The search window 1704 accepts incident search parameters as a precursor to initiating an incident search in the media database 112. In this example, the search parameters include a location parameter, a coverage area parameter (shown in FIG. 17 as a radius drop down list), and a temporal parameter (shown in FIG. 17 as the date range). The search parameters further include an incident type parameter (shown in FIG. 17 as a selectable checklist of incident types). The Search button initiates the incident search in the media database 112.

When the operator activates the Search button, the investigation program 1602 initiates a search for matching media in the media database 112. The search results are presented in the media selection window 1710. The media selection window 1710 provides a selection interface that the operator interacts with to select and view media, as well as add media to an investigation report. To that end, the media selection window 1710 displays a media record indicia for each matching piece of media in the media database 112. On example is labeled as the media record indicia 1728. The media record indicia provides a convenient visual representation for the media, and may be, as examples, a thumbnail image of a digital picture or a video frame, a waveform representing an audio recording, or any other type of visual cue.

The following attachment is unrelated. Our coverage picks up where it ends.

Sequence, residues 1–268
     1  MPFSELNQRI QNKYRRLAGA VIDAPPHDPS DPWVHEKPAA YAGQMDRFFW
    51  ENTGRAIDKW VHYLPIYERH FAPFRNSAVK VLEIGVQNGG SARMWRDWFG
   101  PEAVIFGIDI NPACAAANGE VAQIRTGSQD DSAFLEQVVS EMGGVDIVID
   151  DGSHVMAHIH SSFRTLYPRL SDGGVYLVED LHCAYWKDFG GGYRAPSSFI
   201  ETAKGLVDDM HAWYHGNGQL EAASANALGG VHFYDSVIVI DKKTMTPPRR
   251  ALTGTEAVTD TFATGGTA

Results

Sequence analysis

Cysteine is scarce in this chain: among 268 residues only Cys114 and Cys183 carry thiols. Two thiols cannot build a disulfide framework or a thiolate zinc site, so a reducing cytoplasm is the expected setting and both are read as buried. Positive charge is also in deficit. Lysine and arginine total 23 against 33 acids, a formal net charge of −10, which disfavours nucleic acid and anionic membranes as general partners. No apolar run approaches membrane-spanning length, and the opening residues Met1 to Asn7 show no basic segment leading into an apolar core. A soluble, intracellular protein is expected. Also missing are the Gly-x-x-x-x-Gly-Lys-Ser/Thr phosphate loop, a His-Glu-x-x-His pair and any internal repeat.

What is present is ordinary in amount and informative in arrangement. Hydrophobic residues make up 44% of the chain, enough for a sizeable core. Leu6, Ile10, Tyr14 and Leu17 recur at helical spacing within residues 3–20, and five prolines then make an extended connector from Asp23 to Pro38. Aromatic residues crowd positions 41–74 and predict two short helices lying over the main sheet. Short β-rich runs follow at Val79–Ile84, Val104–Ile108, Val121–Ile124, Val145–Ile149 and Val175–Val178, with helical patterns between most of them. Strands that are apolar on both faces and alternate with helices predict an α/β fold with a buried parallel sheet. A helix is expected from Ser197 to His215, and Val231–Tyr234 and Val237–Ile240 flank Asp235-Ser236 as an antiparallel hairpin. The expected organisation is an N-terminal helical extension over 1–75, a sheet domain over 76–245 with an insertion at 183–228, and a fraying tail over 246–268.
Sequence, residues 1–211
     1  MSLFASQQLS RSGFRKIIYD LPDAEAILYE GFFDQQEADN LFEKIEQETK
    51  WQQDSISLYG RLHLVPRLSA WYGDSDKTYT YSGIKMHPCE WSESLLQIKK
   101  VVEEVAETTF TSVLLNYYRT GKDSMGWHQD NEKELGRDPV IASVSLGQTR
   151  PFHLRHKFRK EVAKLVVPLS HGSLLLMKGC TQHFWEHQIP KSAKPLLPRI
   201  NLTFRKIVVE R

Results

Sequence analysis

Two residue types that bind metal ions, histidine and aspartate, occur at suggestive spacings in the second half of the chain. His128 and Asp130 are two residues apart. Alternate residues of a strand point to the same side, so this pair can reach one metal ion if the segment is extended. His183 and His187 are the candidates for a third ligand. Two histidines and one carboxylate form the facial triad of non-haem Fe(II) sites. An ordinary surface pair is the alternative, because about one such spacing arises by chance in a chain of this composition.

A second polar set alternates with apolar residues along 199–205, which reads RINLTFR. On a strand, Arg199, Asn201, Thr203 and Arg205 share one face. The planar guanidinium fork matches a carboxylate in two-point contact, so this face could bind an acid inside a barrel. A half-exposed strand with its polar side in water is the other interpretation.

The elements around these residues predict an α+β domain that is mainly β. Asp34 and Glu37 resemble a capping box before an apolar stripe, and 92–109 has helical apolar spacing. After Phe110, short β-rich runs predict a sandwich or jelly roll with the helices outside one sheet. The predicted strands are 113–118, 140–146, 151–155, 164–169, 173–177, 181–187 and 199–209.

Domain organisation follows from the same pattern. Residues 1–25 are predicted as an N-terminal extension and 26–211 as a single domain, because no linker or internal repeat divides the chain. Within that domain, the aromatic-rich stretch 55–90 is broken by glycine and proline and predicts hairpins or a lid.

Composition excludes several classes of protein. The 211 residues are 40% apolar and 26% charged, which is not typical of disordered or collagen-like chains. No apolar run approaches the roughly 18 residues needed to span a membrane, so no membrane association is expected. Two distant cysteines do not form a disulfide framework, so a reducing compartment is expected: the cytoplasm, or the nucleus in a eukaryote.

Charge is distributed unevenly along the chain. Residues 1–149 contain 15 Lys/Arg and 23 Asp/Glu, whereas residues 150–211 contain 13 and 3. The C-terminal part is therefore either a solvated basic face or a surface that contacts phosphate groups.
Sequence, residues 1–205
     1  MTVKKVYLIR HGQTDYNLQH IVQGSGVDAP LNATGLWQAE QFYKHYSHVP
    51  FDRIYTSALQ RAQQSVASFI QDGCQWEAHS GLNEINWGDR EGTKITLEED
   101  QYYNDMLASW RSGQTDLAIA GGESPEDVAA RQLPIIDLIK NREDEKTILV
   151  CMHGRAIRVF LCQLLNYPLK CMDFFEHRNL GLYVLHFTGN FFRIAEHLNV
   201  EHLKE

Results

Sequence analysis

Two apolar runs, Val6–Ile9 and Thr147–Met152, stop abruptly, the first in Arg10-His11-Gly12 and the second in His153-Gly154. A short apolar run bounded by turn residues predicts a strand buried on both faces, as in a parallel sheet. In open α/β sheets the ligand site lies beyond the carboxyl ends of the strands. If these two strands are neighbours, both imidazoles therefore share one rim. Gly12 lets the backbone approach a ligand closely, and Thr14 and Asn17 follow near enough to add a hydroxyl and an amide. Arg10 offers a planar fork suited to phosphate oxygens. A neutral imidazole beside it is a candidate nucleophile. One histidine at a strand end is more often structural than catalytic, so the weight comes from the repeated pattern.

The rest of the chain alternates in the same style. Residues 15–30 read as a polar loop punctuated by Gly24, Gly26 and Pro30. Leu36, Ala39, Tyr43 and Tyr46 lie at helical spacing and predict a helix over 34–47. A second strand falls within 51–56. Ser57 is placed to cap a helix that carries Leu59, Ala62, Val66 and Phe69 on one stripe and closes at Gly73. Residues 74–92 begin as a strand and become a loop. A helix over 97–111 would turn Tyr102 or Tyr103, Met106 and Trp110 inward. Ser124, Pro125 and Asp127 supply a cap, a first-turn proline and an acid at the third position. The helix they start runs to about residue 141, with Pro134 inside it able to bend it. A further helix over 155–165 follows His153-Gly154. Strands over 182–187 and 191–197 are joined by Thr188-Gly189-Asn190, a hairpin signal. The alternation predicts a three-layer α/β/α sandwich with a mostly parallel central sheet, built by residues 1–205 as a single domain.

As shown in FIG. 17, the media match M1 represents a digital camera image of an auto theft incident in Chicago Ill. Similarly, media match M2 is a security camera video of a robbery in Chicago Ill., while media match M3 represents an audio recording from a microphone nearby a theft incident in Glenview Ill. The media match M4 represents a cell phone camera image of a hit and run incident in Peoria Ill.

Note also that the investigation program 1602 populates the report match window 1706. In other words, the report match window 1706 includes individual selectable report entries 1732 that represent investigation reports 1606 that match the search parameters entered in the search window 1704. The operator may optionally select one of the report entries 1732 to edit, or to employ as the basis for a new investigation report 1606.